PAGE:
Language Log on Uyghur

It's been some days but Language Log has a nice short article on Uyghur nouns together with their Mandarin forms: A Little Primer of Xinjiang Proper Nouns.

Bo, po and duo, tuo

Pinyin doesn't always specify finals in a straightforward way. For example it is difficult to see that wei and dui have the same final -uei, the former substituting u for semi-vowel w, the latter omitting the e. In Views on initials and finals of Mandarin in Pinyin I've tried to show those peculiarities by grouping forms under their actual final, not just their spelling. What I didn't do was merging columns -o (bo, po, mo, fo) and -uo (duo, tuo, ...).

But as Y.R. Chao indicates "there is a special form for labial initials, namely, 波 bo, 坡 po, 摸 mho, 脖 bor, 婆 por, 摩 mo, 佛 for, etc. This is only graphical, and the actual pronunciation is still, buo, puo, and so on." (A Grammar of spoken Chinese, 1968, p. 30). He adds: "After the labials: b, p, m, f, this final is written o, but there is still a trace of u before and also an unrounding at the end." (Mandarin Primer, 1948, p. 24). Though said about Gwoyeu Romatzyh this translates directly to Pinyin.

This is interesting as Hànyǔ Pǔtōnghuà Yǔyīn Biànzhèng (汉语普通话语音辨正, 2003, ISBN 7-5619-0622-6) states: "o这个字母只代表一个元音:[o]" and "[o]后、半高、圆唇元音。例如“波、摸、佛、磨”等字的韵母。" "The character o does only represent one sound: [o]" and "o, back, half high vowel with rounded lips. For example: 'bo, mo, fo, mo' and other characters with same final." And then in contrast: "uo[uo]例如“我、活、多、说”等字的韵母。" "uo [uo], for example wo, huo, duo, shuo and other characters with same final." So it gives different IPA values for both finals.

In addition to that Xiàndài Hànyǔ Cídiǎn (现代汉语词典) has entries lo with lonely character 咯 (also spelled luo) and luo, separating spellings, which for Chao would be the same.

Followup on "Python doctest and Unicode"

I complained about Python doctest and Unicode some time ago. This was an itch I finally wanted to scratch, so I followed the popular saying: "Luke, read the source".

Turns out the error in question is fixed pretty easily. Python needs to properly encode the output, so a conversion to the output stream's encoding did the trick. Now a new issue came up.

Python 2.x has two string classes, Unicode and byte strings. And to separate them Unicode strings are preceded with a single u, e.g. u"ü". As doctest does a simple output comparison this special treatment breaks if the target says "u" but the code generates u"u". While being the same string, their textual representation is different. This is where my Python fu runs out on me.

To add another Unicode issue to the list: Titlecase doesn't follow the Unicode guidelines

Stay tuned for more Unicode woes :(

A survey on German learners of Chinese

We did a short survey on German beginners of Mandarin where we asked 30 people what problems they face, what they use for learning, and what they think is missing. Most of the 30 people are students and none of them have a family background in China. On average they already studied 7 months of Chinese while learning 1.8 days a week.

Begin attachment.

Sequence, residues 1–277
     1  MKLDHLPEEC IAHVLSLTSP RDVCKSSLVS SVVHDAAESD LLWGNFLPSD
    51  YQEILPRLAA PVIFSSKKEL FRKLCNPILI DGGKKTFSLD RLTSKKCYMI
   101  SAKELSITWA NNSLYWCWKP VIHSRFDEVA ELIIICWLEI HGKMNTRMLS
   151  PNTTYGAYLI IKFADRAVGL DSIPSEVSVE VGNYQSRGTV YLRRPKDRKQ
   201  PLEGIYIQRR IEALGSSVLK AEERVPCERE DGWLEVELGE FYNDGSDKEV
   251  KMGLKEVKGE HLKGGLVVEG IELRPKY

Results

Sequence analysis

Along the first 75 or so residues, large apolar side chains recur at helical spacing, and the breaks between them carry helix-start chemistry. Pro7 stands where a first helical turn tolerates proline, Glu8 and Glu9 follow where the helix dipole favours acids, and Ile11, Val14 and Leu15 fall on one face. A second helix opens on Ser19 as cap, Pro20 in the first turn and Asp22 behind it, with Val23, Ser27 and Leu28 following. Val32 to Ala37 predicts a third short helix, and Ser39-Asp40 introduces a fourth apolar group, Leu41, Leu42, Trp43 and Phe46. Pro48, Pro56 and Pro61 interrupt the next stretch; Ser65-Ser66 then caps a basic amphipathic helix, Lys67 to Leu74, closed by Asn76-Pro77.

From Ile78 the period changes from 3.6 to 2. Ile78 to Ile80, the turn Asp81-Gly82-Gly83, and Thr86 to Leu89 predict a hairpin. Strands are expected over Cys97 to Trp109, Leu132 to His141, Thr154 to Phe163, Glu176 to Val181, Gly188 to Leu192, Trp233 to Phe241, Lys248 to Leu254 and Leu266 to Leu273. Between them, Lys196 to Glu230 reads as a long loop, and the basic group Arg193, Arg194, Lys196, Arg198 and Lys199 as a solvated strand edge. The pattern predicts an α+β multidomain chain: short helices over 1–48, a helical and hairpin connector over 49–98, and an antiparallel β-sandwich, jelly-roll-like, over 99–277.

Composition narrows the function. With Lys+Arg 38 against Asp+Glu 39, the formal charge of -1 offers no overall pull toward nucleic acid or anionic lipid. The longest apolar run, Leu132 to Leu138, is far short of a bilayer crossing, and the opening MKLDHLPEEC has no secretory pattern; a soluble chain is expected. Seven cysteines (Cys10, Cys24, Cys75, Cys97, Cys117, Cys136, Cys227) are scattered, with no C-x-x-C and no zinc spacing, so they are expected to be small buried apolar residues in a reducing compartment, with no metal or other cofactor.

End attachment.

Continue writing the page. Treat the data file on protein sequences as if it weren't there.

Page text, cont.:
It is interesting to see that for most of them gaining a special qualification for a later job is of some importance, and at least 19 have interest in Chinese history, culture or philosophy.

Though only 12 can actually write Chinese on their computers, 20 frequently use an online dictionary. Amongst those sites named are LEO Chinesisch-Deutsches Wörterbuch, Chinesisch-Deutsches Wörterbuch HanDeDict and MDBG Chinese-English dictionary with frequency in this order.

Of those asked 7 have regular contact with people from China, nobody has a language partner. Only 3 are planning to do a internship or language curse soon, but 8 have already been in China before they started their language course.

The evaluation is still under way.

Stepchildren of Pinyin

Pinyin or fully Hanyu Pinyin is the standard Romanisation for Mandarin. It is widely used and only in few cases older Romanisations like Wade-Giles or Bopomofo prevail. So as Pinyin is ubiquitous you think you've seen it all? Do you know characters ê, ẑ, ĉ, ŝ and ŋ? I didn't when I came across them some while ago; I believed them to be some kind of ad-hoc invention or imprecise form used by an uninformed author. But far from that. ISO 7098, the ISO form of Pinyin, lists this character (only as a final, in its single form still rendered e, but nevertheless) and others do, too. It's actually an interjection and used for 欸 by some sources.

ẑ, ĉ, ŝ and ŋ have a different use-case though. They seem to be a relict of the Pinjin draft scheme from 1956. Here initials zh, ch, sh and final part ng are expressed using only one letter, the latter as ŋ (there it is) and the other three as (U+1D8E, LATIN SMALL LETTER Z WITH PALATAL HOOK; or this: ȥ U+0225, LATIN SMALL LETTER Z WITH HOOK), ɕ (U+0255, LATIN SMALL LETTER C WITH CURL) and ʂ (U+1D8A, LATIN SMALL LETTER S WITH PALATAL HOOK). Those characters, hard to find on any keyboard, probably were substituted with their -h counterparts later, still allowing a short form using the circumflex: Nǐ ẑīdao mā?

Thinking about that, you could believe that the ingenious inventors only anticipated the Taiwanese accent, making it easy to omit any retroflex pronunciation.

Syndicate content